Abstract and Keywords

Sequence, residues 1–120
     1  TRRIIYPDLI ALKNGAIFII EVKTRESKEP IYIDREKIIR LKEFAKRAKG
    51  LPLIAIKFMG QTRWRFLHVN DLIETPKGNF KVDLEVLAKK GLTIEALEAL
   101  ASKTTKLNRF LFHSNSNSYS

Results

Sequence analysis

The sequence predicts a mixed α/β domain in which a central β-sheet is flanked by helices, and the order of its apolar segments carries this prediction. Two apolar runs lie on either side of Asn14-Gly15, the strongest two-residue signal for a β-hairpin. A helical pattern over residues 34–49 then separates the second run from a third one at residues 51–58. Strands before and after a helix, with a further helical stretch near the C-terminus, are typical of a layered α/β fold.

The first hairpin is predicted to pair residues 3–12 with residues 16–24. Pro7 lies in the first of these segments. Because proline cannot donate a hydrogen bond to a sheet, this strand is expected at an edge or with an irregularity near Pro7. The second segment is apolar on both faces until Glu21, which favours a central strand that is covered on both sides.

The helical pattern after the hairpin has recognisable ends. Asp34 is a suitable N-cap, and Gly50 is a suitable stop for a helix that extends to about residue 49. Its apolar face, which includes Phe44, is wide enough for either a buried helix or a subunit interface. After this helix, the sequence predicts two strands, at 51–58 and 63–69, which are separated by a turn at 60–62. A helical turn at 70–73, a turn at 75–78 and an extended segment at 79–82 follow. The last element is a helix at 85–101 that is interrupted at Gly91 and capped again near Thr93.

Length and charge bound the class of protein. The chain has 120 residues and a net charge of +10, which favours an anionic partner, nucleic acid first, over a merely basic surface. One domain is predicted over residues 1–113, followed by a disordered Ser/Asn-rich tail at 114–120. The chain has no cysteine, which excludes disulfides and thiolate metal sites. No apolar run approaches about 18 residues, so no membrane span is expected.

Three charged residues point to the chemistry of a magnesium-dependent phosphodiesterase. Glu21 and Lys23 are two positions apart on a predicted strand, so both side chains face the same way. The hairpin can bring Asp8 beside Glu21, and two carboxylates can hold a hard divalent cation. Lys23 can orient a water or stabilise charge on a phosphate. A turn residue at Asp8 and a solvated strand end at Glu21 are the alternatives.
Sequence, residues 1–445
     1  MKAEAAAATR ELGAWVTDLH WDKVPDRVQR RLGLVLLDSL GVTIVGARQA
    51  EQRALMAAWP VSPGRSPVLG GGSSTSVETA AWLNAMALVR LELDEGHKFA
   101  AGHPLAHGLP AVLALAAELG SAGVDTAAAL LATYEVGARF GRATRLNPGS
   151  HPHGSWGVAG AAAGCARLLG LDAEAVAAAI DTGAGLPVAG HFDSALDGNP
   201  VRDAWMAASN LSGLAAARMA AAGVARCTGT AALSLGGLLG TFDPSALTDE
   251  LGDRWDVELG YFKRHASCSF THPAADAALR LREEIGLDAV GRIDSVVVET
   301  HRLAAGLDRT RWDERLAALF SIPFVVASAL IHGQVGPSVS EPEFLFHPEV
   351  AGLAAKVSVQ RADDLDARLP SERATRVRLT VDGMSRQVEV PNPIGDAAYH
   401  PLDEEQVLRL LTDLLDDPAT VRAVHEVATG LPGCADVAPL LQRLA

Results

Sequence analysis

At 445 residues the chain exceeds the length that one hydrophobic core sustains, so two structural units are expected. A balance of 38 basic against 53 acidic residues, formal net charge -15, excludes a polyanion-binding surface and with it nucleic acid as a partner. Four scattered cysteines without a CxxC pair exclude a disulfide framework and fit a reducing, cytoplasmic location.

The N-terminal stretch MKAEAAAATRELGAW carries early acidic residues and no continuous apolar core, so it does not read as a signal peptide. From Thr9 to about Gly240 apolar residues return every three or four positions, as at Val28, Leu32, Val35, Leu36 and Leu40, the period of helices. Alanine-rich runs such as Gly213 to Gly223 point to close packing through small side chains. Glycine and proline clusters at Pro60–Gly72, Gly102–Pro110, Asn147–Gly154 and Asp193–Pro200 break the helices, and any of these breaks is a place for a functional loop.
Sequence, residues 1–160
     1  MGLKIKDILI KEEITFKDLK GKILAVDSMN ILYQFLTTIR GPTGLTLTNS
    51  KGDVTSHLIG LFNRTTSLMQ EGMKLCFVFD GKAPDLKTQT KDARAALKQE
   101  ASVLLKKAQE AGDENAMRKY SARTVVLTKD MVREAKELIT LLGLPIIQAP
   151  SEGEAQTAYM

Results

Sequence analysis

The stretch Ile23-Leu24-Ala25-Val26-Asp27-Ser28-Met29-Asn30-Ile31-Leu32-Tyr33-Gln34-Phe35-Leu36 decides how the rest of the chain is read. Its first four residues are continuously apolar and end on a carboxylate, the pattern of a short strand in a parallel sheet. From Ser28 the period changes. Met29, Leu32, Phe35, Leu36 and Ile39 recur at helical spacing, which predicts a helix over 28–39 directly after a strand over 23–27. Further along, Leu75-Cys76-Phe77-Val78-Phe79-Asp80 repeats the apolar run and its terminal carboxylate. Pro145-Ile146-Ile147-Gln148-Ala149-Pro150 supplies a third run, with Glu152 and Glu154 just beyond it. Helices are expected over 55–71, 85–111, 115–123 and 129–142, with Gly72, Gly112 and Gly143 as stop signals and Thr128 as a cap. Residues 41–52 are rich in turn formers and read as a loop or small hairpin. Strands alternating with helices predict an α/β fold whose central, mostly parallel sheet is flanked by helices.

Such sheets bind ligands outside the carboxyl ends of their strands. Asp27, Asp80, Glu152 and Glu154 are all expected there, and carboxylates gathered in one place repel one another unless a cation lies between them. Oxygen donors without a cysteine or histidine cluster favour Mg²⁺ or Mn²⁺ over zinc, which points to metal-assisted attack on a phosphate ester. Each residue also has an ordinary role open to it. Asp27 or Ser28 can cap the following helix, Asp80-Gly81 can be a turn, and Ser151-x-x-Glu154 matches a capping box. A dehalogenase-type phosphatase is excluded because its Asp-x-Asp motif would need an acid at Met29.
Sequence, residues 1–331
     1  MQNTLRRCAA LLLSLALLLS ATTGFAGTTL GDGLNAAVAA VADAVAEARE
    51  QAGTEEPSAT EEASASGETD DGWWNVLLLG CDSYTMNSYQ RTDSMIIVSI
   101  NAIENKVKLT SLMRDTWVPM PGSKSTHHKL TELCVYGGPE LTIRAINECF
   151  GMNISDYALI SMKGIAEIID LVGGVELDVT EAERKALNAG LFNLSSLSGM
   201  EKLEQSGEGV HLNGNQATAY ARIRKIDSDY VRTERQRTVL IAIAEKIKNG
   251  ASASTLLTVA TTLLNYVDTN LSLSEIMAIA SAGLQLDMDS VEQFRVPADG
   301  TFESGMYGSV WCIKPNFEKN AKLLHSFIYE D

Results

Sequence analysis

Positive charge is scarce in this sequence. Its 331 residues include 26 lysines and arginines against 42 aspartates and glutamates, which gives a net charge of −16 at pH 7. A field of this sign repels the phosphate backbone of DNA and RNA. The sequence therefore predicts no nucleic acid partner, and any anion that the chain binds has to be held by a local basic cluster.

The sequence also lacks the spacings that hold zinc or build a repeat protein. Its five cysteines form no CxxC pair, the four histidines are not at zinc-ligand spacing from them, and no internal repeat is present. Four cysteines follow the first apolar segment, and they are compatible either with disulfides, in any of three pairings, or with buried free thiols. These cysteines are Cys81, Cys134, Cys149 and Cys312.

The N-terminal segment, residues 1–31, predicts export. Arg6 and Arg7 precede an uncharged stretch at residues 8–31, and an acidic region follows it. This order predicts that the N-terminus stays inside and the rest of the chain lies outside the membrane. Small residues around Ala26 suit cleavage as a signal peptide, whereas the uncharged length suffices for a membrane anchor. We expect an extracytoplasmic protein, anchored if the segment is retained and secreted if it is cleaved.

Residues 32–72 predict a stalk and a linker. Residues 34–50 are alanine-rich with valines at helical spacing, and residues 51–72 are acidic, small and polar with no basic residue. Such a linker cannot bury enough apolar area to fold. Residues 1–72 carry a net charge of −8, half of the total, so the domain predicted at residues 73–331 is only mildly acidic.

Since the 1980s, in different countries, researchers and educators have put into action a number of studies of teachers’ biographies, teachers’ narratives and stories, as well as other ways of employing life history methods, in order to renew the field of education. A vast literature has been produced in the last decades on this perspective, giving testimony to a surprising growth of the educational area under the impulse of such approaches. There was a clear need for a methodological renewal of this field but also a need of a revision of the functions of school and to the way of conceiving education. The idea of lifelong learning frames this scenario and the expectations outlined in the turn of this century, altering profoundly the functions of school and the ends of education. The biographical approaches are taken as an attempt of meeting such demands. However, the work with life histories and biographies has shown different directions, following from a conjugation of factors and from more specific demands for education present in the respective contexts where such experiences have taken place. Such approaches are part of a broader movement of individualization and subjectivism that characterizes contemporary society. The two perspectives focused on in this article—that of English-speaking countries, with a predominant focus on the life and career of teachers; and those developed in Francophone environments, with the focus on the continued education of adults—have shown great growth particularly during the 1980s and 1990s, giving testimony to the appeal that biographical approaches exerted upon researchers and educators. It presents the features of these two trends preceded by an incursion into the field of sociology aiming at highlighting some relevant methodological and epistemological issues. By this way we intend to emphasize the potentiality of biographical approaches to the knowledge of education, drawing attention to the challenges for individuals’ lives in the contemporary society and for the emergence of new ways of conceiving the subjectivities by the new human and social theories.
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